Fayette County

Lawsuit challenges Kentucky's redistricting plan

Attorney Jason Nemes filed the lawsuit challenging state House redistricting with Franklin Circuit Court Clerk Sally Jump on Thursday.
Attorney Jason Nemes filed the lawsuit challenging state House redistricting with Franklin Circuit Court Clerk Sally Jump on Thursday. AP

FRANKFORT — House Republicans filed a lawsuit Thursday in Franklin Circuit Court to challenge a redrawing of state House districts that Gov. Steve Beshear signed into law last week.

The suit affects all of House Bill 1, which also redrew boundaries for state Senate and Supreme Court districts, said Louisville attorney Jason Nemes, who is representing the Republicans.

"If one part of the bill is declared unconstitutional, then the whole bill is unconstitutional," Nemes said.

Sen. Kathy Stein, a Democrat whose Lexington district was moved to northeastern Kentucky, said it's "highly likely" that she and some Fayette County residents will join the lawsuit.

"I've had several constituents — Democrats and Republicans alike — say they would be willing to be a plaintiff in a lawsuit. This may certainly well be a vehicle to get it in front of the court as expediently and efficiently as possible," she said.

Stein said she hopes to decide before Monday whether to join the lawsuit.

Franklin Circuit Judge Phillip Shepherd is to hear at 10:30 a.m. Monday the Republican request for a temporary injunction to delay the Jan. 31 filing deadline for candidates.

House Speaker Greg Stumbo, D-Prestonsburg, said he doesn't believe the House Republicans' challenge has merit.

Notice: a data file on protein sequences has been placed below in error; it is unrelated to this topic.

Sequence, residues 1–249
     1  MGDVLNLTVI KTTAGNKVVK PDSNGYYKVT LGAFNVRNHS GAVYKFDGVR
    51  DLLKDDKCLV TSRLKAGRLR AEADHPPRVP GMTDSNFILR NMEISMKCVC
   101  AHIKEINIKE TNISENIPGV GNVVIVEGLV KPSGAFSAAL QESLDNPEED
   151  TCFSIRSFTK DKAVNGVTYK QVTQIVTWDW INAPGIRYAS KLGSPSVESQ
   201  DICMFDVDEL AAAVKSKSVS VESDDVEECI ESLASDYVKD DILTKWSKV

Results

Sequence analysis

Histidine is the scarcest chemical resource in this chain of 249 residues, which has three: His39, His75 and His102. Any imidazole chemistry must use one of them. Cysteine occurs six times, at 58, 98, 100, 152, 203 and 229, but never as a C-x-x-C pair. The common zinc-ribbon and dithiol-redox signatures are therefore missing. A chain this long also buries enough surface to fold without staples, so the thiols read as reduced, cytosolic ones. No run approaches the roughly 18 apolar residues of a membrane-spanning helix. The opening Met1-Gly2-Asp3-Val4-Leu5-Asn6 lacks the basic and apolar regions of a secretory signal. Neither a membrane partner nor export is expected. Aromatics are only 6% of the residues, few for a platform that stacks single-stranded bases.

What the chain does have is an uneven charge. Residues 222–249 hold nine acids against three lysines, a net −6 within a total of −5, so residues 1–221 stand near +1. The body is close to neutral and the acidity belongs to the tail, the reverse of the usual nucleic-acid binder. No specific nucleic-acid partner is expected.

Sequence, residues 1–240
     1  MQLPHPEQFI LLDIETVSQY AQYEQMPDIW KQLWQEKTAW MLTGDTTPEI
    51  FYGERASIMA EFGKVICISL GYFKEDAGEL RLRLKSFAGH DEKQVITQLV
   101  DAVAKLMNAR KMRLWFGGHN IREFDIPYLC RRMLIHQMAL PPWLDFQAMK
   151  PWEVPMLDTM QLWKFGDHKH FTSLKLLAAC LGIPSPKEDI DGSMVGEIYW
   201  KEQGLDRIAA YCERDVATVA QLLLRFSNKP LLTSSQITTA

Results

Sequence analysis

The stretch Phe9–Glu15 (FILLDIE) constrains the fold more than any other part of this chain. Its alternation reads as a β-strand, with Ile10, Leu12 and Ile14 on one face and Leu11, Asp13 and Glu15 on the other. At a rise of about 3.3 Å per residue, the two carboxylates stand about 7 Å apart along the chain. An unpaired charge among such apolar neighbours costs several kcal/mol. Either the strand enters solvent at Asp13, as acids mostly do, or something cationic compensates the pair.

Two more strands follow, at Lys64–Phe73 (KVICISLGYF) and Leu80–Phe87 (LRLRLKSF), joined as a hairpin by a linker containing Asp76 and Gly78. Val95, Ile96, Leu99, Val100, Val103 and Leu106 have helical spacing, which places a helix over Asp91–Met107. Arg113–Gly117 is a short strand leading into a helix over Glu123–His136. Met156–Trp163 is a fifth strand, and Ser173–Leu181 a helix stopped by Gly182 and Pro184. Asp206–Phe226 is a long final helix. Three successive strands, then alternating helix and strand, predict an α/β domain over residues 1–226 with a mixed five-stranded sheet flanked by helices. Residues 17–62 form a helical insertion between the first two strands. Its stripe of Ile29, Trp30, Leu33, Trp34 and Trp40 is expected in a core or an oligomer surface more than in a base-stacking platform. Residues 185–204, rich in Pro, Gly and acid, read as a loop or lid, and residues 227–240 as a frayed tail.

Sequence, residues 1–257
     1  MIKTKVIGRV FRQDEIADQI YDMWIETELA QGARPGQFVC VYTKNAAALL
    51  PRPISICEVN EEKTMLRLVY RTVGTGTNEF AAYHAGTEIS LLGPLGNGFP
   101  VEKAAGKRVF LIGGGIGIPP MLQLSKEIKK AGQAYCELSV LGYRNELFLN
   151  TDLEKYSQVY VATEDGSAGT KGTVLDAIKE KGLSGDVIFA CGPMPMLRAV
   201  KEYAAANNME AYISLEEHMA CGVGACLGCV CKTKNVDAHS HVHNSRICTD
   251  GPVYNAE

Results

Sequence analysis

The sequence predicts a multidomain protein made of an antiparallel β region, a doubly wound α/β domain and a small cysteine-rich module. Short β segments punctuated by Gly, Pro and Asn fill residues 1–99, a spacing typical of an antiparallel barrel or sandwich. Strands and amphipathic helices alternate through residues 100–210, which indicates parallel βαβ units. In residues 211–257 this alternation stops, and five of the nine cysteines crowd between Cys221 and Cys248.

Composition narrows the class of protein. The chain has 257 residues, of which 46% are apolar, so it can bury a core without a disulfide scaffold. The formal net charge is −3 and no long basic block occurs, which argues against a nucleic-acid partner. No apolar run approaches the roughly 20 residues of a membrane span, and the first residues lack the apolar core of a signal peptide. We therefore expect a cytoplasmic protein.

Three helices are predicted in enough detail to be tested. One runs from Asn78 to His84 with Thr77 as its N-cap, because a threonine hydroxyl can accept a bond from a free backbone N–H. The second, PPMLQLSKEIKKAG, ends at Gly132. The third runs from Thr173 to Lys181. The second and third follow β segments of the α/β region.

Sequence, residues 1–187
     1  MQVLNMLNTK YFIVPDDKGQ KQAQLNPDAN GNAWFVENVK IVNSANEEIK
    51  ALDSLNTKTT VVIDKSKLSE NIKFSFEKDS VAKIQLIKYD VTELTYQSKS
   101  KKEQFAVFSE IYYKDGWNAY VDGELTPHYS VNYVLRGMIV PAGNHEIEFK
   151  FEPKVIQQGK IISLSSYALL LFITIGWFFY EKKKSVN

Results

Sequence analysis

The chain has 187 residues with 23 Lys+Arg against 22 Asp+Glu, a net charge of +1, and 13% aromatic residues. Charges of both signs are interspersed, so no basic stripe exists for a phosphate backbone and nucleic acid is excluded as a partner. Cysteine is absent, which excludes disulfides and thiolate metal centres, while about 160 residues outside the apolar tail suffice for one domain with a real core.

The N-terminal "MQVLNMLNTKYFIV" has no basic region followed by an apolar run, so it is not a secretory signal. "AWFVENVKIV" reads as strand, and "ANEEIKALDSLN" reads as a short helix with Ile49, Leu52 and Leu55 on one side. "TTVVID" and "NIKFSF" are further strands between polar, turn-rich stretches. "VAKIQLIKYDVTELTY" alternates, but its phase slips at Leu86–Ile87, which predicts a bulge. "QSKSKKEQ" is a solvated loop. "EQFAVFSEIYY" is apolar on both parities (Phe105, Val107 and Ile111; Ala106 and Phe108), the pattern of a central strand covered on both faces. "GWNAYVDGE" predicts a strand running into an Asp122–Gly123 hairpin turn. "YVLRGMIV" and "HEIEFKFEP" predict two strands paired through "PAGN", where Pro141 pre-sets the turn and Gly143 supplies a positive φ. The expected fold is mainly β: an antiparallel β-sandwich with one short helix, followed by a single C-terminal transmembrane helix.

House Minority Leader Jeff Hoover, R-Jamestown, called the redistricting plan unconstitutional.

"We have been saying for a couple of weeks now that not only was it unfair to the people of Kentucky, not only did it disenfranchise a lot of folks in Kentucky, but it was unconstitutional," Hoover said at a news conference at the Franklin County Courthouse soon after the lawsuit was filed.

The 20-page lawsuit claims that redistricting done by the Democratic-controlled House is unconstitutional because it divides more counties than necessary. The House plan split 28 counties and 246 precincts, although only 22 counties have populations that exceed the roughly 43,000 people that each district must contain. A GOP proposal would have split 24 counties and 10 precincts.

The GOP suit also contends that the House map violates the constitutional principle of "one person, one vote," which requires districts to have about the same population, and penalizes Republican voters and representatives because of their party affiliation.

The Republicans also noted irregular boundaries in the map. For example, a slender slice of Pulaski County is used to connect a district that spans from Casey County to northern Madison County. Similarly, Jackson County and McCreary County are connected in the 89th district by a jagged strip of land that bisects Laurel County.